Breaking News
More () »

Youth climate change lawsuit goes before Alaska Supreme Court

The lawsuit says state policy that promotes fossil fuels violates the constitutional right of young Alaskans to a safe climate.

ANCHORAGE, Alaska — The Alaska Supreme Court will hear arguments Wednesday in a lawsuit that claims state policy on fossil fuels is harming the constitutional right of young Alaskans to a safe climate.

Sixteen Alaska youths in 2017 sued the state, claiming that human-caused greenhouse gas emission leading to climate change is creating long-term, dangerous health effects.

The lawsuit takes aim at a state statute that says it's the policy of Alaska to promote fossil fuels, said Andrew Welle of Oregon-based Our Children's Trust, a nonprofit organization dedicated to protecting natural systems for present and future generations.

"The state has enacted a policy of promoting fossil fuels and implemented it in a way that is resulting in substantial greenhouse gas emissions in Alaska," Welle said in a phone interview. "They're harming these young kids."

RELATED: Climate anxiety: Many young people wonder if they have a future

RELATED: Hundreds sign pledge to not have children during climate crisis

A central question in the lawsuit, as in previous federal and state lawsuits, is the role of courts in shaping climate policy.

Attorneys for Our Children's Trust represented Alaska youth in an unsuccessful 2011 lawsuit that sought court intervention because the state had failed to adopt measures to protect young people in Alaska from climate change. The judge concluded that courts lack scientific, economic and technological resources that agencies can use to determine climate policy and it was best left in their hands.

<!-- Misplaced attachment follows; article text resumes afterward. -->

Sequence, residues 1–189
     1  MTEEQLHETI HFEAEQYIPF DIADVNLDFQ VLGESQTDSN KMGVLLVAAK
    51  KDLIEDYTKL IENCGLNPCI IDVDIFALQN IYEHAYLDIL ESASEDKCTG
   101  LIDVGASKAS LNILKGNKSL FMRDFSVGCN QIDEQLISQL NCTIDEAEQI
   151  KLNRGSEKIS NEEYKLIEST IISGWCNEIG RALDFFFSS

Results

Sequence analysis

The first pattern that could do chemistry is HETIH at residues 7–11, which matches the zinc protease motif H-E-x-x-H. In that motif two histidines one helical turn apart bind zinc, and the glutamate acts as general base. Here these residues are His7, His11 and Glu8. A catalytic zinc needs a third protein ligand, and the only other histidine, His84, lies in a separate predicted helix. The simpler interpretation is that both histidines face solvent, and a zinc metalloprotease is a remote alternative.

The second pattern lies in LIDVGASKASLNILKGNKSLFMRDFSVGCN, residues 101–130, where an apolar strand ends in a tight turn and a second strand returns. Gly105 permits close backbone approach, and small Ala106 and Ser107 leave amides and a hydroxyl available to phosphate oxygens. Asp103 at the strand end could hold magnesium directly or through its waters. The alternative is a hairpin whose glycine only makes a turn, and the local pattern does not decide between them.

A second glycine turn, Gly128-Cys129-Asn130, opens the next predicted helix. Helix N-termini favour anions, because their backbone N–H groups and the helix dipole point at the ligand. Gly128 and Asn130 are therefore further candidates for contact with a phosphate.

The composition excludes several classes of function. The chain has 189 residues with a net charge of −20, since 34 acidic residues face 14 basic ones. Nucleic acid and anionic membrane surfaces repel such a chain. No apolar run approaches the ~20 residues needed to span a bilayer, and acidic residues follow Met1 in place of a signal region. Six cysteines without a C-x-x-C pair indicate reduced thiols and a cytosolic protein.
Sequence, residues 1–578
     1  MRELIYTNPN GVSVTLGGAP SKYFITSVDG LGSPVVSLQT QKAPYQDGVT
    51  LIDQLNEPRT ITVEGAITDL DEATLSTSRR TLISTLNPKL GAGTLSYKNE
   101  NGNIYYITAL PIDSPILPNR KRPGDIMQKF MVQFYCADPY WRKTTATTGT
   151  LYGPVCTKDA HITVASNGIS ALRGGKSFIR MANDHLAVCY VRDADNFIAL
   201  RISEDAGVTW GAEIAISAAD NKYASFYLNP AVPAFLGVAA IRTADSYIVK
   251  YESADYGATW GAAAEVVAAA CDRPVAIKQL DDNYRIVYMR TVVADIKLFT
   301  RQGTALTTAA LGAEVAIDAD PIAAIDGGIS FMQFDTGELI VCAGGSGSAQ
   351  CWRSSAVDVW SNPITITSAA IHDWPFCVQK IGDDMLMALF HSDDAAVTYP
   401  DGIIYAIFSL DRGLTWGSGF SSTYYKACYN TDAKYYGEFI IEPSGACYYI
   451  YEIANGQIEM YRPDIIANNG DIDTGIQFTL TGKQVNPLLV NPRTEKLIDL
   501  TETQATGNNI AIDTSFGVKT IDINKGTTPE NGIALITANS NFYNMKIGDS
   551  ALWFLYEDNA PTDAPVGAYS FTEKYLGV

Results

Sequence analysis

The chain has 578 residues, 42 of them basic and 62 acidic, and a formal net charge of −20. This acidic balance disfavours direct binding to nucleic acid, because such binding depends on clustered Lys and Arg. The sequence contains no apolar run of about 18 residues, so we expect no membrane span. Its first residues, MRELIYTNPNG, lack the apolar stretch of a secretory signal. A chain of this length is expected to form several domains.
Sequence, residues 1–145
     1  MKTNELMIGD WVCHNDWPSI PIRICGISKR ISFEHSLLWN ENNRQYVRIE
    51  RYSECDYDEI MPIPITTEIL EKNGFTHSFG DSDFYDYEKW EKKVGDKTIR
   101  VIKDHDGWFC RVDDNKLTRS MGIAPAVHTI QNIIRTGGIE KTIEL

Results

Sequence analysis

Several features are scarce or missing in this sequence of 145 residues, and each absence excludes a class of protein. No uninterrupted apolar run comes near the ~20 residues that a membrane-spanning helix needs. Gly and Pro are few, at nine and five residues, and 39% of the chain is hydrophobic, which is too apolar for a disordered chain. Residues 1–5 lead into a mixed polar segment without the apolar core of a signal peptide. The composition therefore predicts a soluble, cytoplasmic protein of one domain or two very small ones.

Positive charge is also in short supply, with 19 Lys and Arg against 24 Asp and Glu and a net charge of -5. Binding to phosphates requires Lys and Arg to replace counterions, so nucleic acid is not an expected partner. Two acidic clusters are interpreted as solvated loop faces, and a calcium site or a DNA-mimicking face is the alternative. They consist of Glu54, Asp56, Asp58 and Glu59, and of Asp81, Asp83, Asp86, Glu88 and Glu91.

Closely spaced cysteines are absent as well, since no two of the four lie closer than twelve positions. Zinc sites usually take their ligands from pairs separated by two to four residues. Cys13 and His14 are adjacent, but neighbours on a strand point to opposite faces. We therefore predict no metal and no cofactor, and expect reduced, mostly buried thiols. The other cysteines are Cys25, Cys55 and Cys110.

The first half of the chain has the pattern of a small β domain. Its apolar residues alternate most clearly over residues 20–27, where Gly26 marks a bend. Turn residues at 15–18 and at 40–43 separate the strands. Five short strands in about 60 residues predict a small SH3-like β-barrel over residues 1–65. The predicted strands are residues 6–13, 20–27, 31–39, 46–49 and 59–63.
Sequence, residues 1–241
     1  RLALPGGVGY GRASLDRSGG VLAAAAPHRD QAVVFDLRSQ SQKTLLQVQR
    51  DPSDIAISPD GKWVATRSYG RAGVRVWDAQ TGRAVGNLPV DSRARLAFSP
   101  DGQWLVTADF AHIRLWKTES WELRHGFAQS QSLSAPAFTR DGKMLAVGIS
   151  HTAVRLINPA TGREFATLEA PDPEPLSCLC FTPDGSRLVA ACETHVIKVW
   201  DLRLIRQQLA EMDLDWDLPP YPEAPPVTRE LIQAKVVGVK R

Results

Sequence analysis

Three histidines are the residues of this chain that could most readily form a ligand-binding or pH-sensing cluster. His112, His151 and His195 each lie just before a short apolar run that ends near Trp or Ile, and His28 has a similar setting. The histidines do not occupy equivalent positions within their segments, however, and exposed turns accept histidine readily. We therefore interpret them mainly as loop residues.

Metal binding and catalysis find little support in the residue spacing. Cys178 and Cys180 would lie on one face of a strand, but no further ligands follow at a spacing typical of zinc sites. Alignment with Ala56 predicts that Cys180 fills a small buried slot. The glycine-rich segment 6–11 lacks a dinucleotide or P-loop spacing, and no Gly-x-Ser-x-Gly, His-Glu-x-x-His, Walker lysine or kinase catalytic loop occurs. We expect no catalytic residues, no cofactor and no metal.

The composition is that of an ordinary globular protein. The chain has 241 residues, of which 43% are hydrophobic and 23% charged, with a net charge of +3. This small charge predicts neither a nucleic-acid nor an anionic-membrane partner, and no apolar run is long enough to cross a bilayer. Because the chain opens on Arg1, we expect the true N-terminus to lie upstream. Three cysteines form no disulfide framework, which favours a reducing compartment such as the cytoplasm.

The second lawsuit was filed in October 2017 by Alaskans who at the time ranged in age from 5 to 20. Anchorage Superior Court Judge Gregory Miller in October 2018 dismissed the lawsuit, citing the 2011 case and other precedents.

RELATED: Reports: Climate activist Greta Thunberg is favored to win the Nobel Peace Prize

RELATED: Greta: Grown-ups mock children because world view threatened

Welle acknowledged that courts cannot create climate policy. However, a court can intervene if the other two branches of government approve policies that exacerbate harmful effects, he said

"Their core role within that system of checks and balances is to make sure that the other branches are not actively and affirmatively harming individuals through official state action," he said. "That's exactly what's at issue in this case."

The lawsuit claims that under Alaska's Constitution, the state climate, like water, fish, wildlife, air and ocean, is a public trust resource held for maximum benefit of its people.

Human-caused climate change will be catastrophic unless atmospheric carbon dioxide declines, according to the lawsuit. Among damages already occurring: dangerously increasing temperatures, changing rain and snow patterns, rising seas, storm surge flooding, thawing permafrost, coast erosion and increased wildfires, ocean acidification and violent storms.

The lead client in the case, Esau Sinnok, has had his constitutional right to health and happiness denied by state policy and lack of action on climate change, Welle said.

"His home village of Shishmaref is literally wiped off the map because of climate change," Welle said. "It's endangering his culture, the very existence of his community, the health and safety of him and his community members."

The lawsuit asked the court to declare that state actions have violated the plaintiffs' fundamental rights to a stable climate system.

The lawsuit seeks to have the state policy on fossil fuels declared invalid.

The lawsuit also asked the court to order the state to prepare an accounting of carbon emissions and create a recovery plan.